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Viswanathan Anand vs Peter Svidler
"Anand Other One Bites the Dust" (game of the day Oct-25-2017)
Korchnoi Zurich Chess Challenge (2017), Zurich SUI, rd 6, Apr-16
Sicilian Defense: Paulsen. Normal Variation (B45)  ·  1-0

ANALYSIS [x]

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Kibitzer's Corner
Apr-17-17  zev22407: This is a great game by Anand, join and watch!
May-20-17  theagenbiteofinwit: Beautiful sacrifice. A double-edged position. Wow.
Oct-25-17  eykca: The avalanche of pawns is on...
Oct-25-17  The Kings Domain: Anand's combinative flair seems to come out when he plays against Svidler.

Fun pun. Strained, but a tribute to Queen is always good. :-)

Oct-25-17  dumbgai: Game of the day and daily puzzle are both Anand-Svidler games.
Oct-25-17
Premium Chessgames Member
  kevin86: The pawns will swallow black's king.
Oct-25-17
Premium Chessgames Member
  chessgames.com: <Game of the day and daily puzzle are both Anand-Svidler games.> Wow, that wasn't intended. Coincidences abound.

BTW, according to Anand vs Svidler, 2017 [analysis] 28...d5? was the culprit here. Better would have been 28...Bc8 29.Bd5 Rh8 30.Rb3 Nd7 31.f6 Bf8 32.Rf3 Ne5 = +0.22 (36 ply)

Oct-25-17  belgradegambit: It's amazing that Svidler has been Anand's client for years. 55 games and he's never beaten Anand.
Oct-25-17
Premium Chessgames Member
  Sneaky: Well Peter snuck in two victories during rapid events: Anand vs Svidler, 2000 and Svidler vs Anand, 2002. But yeah, Anand has Svid's number bigtime.
Oct-25-17  SChesshevsky: By the chessgames database it appears the quick Qe2, 0-0-0, g4 idea isn't that common. It looks pretty effective however, giving white initiative and Black problems to solve.

Is this line's first dozen or so moves really that rare?

Oct-26-17  Nerwal: <By the chessgames database it appears the quick Qe2, 0-0-0, g4 idea isn't that common. It looks pretty effective however, giving white initiative and Black problems to solve.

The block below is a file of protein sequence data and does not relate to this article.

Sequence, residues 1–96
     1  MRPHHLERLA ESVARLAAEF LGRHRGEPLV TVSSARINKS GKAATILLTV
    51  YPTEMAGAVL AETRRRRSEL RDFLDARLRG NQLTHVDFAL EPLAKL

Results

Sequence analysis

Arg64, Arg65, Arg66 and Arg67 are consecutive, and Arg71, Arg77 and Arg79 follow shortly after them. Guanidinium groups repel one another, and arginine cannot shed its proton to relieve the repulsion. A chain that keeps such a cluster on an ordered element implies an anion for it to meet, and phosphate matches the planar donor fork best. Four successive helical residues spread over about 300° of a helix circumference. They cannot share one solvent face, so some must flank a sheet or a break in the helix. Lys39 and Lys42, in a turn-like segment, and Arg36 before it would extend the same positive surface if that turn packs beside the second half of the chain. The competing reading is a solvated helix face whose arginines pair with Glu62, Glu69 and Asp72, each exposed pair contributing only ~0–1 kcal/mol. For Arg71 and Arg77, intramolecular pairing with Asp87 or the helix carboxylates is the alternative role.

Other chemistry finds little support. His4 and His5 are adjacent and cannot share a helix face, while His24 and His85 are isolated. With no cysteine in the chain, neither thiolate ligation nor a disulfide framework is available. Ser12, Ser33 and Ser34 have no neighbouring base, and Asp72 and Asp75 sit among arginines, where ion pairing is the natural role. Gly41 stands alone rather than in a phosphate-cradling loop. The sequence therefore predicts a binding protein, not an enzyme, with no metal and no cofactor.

Is this line's first dozen or so moves really that rare?>

I guess in those lines Black is supposed to exchange on d4 rather early, making Svidler's attempt to proceed without it altogether very rare. There is a smiliar line in the Najdorf where White has the extra moves f3 and ♘b3 (which are not helping actually) : 1. e4 c5 2. ♘f3 d6 3. d4 cxd4 4. ♘xd4 ♘f6 5. ♘c3 a6 6. f3 ♕b6 7. g4 ♘c6 8. ♘b3 e6 9. ♕e2 ♕c7 10. ♗e3 b5 11. 0-0-0 (Anand has played it quite a bit as White, eg Anand vs Grischuk, 2011), but even there White's prospects are not bad at all.

Oct-27-17  zanzibar: After

<1. e4 c5 2. Nf3 e6 3. d4 cd4 4. Nd4 Nc6 5. Nc3 d6 6. Be3 Nf6 7. Qe2>

Things are fairly standard until 7.Qe2, a fairly rare continuation by White (1.5% frequency in <MillBase>):


click for larger view

Opening theory should have a good reason why 7.Qe2 isn't played too often, and it seems 7...a6 isn't it - despite being Black's most common reply (at freq of 37%, but White wins 65% of the time).

It's clear that 7.Qe2 blocks the lsb in, so 7...a6 isn't needed for that. And without the queen on the d-file, any knight attack on d6 from b5 is neutered by ...a6 after the fact - so Black need not waste a tempo in prevent defense.

So, what is the best move for Black?

Quite possibly it's the engine recommended 7...e5 (at 29-ply), which catches the queen on the wrong file. <Millbase> also gives it the lowest scoring for White (only 41.6%).

(It also makes g4 a little harder to get too, what with the open diagonal for Black's dsb - in fact ...Ng4 might be in the cards for Black)

Of course, the stats are quite small, only 8 games. I'd recommend the move all the same -

Oct-27-17  SChesshevsky: Nerwal and zanzibar,thanks for the info. I have a suspicion that Anand had been sitting on this line for awhile and maybe decided to test it out. Unfortunately for Svidler, who probably was unprepared.

It does appear ...Nxd4 and or ...e5 might be necessary early. Maybe something like 9. g4 Nxd4 10. Rxd4 e5 which gets a tempo for maybe ...h6 and g4 is hanging.

Guessing white's probably still better but could be a decent try for black equality.

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